Is this the end of classic rock?

Musician Billy Joel performs during his 100th lifetime performance at Madison Square Garden on Wednesday, July 18, 2018, in New York. (Photo by Evan Agostini/Invision/AP)Musician Billy Joel performs during his 100th lifetime performance at Madison Square Garden on Wednesday, July 18, 2018, in New York. (Photo by Evan Agostini/Invision/AP)

Halfway through Twilight of the Gods, I started to wonder if Steven Hyden had been rifling through my record collection. Well, not records but CDs; well, not CDs but playlists—you get the idea. The man is clearly attuned to the musical proclivities of the 40-something white male. High school obsession with classic rock radio, a format that included both the ridiculous (Styx, Journey) and the sublime (Rolling Stones, Kinks)? Check. Bob Dylan period, marked by a particular affection for “Visions of Johanna”? Check. Detour into jam bands (Phish, etc.) followed by an immersion in Wilco’s “dad rock”? Double check.

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Twilight of the Godsby Steven Hyden

Dey Street Books. 320p $25.99

Hyden grew up listening to music in the 1980s and 1990s, a time when most of what is now called “classic rock” had already been recorded but was being hyped for a new generation of listeners through radio stations and magazines like Rolling Stone. For Hyden, classic rock represented a kind of gnostic text that could be deciphered by listening to albums like Pink Floyd’s “Dark Side of the Moon” on repeat and poring over the musings of Greil Marcus.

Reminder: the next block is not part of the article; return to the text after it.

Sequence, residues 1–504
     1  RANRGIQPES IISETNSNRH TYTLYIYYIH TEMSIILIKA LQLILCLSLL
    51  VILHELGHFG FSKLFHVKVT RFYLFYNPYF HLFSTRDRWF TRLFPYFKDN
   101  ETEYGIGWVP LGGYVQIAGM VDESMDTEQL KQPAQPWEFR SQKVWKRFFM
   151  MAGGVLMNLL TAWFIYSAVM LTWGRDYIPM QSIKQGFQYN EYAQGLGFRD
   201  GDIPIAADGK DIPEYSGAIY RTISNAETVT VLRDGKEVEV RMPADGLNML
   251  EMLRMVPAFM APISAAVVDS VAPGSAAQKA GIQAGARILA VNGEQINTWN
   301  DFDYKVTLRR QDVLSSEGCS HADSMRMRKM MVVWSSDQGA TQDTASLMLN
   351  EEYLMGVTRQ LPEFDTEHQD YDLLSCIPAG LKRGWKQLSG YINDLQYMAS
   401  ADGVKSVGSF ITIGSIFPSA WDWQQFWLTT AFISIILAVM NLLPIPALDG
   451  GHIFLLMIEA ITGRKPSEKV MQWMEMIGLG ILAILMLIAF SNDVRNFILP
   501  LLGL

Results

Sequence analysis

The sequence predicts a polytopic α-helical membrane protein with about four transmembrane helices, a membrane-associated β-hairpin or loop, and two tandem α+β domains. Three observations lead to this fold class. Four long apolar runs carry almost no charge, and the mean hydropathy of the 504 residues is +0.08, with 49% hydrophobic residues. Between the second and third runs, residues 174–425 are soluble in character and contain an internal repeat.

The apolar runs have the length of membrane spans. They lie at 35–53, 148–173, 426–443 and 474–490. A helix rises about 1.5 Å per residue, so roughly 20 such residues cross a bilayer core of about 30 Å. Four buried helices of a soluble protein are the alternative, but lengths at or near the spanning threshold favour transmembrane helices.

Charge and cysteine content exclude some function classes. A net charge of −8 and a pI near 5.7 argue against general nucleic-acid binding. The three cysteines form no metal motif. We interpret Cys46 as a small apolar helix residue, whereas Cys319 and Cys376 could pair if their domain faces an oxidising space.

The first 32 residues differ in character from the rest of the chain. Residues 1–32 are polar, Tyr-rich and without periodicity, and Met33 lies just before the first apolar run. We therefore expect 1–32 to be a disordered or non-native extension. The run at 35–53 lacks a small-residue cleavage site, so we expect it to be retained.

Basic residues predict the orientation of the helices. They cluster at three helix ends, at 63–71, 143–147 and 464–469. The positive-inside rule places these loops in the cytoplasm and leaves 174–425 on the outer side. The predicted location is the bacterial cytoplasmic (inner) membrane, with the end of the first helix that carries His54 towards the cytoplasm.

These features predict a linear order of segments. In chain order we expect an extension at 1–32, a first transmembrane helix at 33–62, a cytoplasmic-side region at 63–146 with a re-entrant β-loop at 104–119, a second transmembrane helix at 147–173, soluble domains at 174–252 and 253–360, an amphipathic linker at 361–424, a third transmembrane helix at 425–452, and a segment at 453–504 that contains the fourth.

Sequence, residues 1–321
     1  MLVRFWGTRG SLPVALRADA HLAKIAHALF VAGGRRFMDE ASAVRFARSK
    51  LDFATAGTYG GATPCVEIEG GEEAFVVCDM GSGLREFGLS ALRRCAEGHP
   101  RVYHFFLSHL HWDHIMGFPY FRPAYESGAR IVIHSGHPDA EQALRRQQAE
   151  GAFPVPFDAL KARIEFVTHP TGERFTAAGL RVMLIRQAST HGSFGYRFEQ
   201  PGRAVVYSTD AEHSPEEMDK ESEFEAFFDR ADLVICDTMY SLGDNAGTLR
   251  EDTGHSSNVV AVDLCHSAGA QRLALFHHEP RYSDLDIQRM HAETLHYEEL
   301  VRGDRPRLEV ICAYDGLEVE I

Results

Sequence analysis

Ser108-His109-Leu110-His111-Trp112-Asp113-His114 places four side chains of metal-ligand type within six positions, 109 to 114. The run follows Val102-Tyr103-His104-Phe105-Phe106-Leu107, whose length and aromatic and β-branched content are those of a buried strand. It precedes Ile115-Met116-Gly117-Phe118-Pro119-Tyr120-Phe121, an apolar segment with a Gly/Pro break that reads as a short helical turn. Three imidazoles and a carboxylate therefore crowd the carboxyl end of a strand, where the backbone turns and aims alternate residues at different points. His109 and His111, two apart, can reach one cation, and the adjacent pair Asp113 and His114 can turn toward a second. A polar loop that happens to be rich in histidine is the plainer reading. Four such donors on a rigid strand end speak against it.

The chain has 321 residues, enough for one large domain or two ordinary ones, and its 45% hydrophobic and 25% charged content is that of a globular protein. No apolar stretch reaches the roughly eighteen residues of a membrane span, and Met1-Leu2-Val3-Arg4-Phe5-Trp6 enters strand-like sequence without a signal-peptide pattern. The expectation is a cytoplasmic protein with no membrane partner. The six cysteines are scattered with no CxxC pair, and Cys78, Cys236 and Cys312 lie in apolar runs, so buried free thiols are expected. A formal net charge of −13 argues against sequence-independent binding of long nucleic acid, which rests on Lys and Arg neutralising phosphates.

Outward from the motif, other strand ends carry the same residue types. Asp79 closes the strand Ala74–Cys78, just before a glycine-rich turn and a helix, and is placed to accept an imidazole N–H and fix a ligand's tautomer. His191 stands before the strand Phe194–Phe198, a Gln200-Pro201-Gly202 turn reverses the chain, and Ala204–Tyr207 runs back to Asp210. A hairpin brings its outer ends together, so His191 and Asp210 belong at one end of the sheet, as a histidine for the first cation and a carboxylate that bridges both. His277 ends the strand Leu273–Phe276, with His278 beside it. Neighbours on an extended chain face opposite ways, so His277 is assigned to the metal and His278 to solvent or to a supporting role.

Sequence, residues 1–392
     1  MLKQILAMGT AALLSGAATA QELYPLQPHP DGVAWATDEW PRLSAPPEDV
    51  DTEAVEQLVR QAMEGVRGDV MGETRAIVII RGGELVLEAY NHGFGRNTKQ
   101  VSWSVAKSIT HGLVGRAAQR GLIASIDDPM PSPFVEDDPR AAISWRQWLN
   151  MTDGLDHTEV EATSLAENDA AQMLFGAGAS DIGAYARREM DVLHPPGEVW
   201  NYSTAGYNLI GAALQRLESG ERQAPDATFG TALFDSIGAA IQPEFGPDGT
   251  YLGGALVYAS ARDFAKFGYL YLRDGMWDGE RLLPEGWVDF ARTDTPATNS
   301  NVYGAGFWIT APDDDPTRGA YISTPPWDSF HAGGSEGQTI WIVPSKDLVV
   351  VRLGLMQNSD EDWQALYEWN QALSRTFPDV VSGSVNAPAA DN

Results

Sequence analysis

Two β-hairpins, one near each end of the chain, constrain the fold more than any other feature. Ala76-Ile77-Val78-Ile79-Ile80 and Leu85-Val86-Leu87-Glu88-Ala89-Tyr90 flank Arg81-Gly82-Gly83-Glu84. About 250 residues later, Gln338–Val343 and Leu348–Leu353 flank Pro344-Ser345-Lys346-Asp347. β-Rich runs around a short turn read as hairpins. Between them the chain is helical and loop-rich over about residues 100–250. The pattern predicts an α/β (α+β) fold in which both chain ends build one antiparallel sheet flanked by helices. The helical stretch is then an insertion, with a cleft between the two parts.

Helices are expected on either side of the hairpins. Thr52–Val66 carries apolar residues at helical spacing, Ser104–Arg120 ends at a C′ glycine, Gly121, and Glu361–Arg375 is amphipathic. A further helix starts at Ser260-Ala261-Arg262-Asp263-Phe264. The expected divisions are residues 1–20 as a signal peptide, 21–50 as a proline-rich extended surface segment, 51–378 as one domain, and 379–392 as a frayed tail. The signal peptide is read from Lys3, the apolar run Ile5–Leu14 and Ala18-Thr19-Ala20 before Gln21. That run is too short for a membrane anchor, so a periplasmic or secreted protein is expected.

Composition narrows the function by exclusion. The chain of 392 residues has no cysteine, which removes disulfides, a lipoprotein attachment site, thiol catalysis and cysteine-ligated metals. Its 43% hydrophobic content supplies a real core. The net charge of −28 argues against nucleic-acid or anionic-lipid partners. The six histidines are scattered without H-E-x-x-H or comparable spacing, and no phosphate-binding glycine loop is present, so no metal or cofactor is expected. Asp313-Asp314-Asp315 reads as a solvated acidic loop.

Steven Hyden says he is not a religious person, but he is fervently devoted to the music that he grew up with.

Hyden is a man of catholic tastes—perhaps too catholic. He finds something redeeming about almost every band he has encountered, save the (expletive) Eagles and the “stubborn sleaziness” of Gene Simmons. Yes, he even has kind words for REO Speedwagon. Hyden says he is not a religious person, but he is fervently devoted to the music that he grew up with and the younger bands who are building on that legacy. (He gives special shout-outs to Courtney Barnett and Car Seat Headrest.) He has been to hundreds of music concerts, many simply ordinary, but all worthwhile for “that handful of transcendent nights” that live on in his memory. And he knows these moments are fleeting: with the death of musicians like David Bowie and AC/DC’s Malcolm Young, the end of the classic rock era is nigh.

“The exaggerated arc of rock stardom creates a framework for understanding our own lives,” Hyden writes. It sounds like a stretch, but he may not be too far off target. When parents start taking their kids to four-hour Bruce Springsteen concerts, you know they are hungry to be part of something bigger than themselves. Why that something is an almost 70-year old man clad in leather and denim is the subject, perhaps, for another author.

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